An array deployed in 2004 between Florida and the Canary Islands, for instance, showed “unexpectedly wild swings” in the strength of the AMOC currents from month to month, Hand reported. From 2009 to 2010, the average strength of the AMOC dropped by about 30 percent, causing warmer waters to remain in the tropics rather than being carried northward.

“The consequences included an unusually harsh European winter, a strong Atlantic Basin hurricane season, and — because a strong AMOC keeps water away from land — an extreme sea level rise of nearly 13 centimeters along the North American coast north of New York City,” Hand said.

Over its first decade of operation, the Florida-to-Canary Islands subtropical array recorded a 25 percent decline in the AMOC’s average strength, which is an order of magnitude more than models suggested could occur due to the effects of climate change.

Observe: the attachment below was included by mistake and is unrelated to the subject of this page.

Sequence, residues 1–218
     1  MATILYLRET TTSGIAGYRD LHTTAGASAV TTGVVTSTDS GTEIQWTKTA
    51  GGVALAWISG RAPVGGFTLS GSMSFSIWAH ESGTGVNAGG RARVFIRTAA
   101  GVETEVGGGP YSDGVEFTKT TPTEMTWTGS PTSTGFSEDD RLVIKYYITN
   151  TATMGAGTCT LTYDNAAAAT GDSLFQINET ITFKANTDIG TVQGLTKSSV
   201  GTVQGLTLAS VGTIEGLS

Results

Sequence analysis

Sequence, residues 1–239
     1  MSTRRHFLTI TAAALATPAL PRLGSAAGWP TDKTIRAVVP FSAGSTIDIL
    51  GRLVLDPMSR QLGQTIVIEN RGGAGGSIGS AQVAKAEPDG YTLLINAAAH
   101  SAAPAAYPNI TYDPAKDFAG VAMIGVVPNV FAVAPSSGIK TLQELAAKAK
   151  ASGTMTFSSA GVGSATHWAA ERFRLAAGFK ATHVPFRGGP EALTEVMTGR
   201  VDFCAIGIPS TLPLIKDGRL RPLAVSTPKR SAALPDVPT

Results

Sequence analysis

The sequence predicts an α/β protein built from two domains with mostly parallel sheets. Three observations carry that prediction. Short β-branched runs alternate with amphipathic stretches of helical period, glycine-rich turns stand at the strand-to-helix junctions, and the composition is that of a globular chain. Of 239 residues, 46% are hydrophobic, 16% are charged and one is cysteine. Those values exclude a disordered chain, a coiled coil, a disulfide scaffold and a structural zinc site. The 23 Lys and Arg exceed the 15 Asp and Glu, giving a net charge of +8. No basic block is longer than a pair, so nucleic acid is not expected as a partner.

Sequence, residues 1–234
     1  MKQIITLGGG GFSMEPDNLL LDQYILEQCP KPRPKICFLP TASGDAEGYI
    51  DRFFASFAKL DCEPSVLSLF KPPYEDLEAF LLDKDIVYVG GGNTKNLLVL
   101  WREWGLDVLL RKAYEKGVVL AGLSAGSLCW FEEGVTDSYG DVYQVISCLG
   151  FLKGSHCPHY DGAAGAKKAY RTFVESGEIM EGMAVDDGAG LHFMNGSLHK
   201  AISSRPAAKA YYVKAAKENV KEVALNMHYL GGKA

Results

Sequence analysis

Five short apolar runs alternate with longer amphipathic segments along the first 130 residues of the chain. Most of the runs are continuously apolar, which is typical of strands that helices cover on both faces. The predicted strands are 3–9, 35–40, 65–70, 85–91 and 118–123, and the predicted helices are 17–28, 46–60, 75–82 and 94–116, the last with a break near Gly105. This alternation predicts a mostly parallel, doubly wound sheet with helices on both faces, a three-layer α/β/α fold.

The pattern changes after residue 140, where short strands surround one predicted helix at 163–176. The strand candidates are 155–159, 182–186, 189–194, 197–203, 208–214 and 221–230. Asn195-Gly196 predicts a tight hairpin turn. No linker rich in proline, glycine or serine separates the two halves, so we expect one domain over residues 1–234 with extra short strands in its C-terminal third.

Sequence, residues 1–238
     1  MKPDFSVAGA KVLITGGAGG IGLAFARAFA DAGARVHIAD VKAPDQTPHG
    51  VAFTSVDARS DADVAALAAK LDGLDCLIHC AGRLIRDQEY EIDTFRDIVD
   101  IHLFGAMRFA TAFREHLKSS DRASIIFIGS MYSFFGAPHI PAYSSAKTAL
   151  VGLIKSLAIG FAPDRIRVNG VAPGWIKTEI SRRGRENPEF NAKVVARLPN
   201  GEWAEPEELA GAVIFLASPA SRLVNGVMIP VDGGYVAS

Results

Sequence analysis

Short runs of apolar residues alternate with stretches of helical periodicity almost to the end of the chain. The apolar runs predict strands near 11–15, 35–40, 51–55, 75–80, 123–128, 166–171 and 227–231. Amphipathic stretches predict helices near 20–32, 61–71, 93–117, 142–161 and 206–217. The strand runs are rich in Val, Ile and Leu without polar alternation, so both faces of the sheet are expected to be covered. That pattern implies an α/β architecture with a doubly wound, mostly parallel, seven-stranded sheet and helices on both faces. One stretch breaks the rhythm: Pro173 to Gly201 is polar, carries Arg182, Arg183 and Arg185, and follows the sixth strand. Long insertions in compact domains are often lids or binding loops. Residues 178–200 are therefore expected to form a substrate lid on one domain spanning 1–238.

Meric Srokosz, an oceanographer at the UK’s University of Southampton and the science coordinator for the U.K.-funded portion of the array, told Hand that scientists suspect some natural variation is to blame in the dropoff of the AMOC’s strength, including the 60- to 70-year cycle of varying sea temperatures called the Atlantic Multidecadal Oscillation. Initial analysis of the latest, unpublished data from the array shows the AMOC’s average strength has leveled out, but is still well below where it started in 2004.

“It will take another decade of measurements to separate the climate change effect from natural variability,” Hand wrote.

Threat of abrupt climate change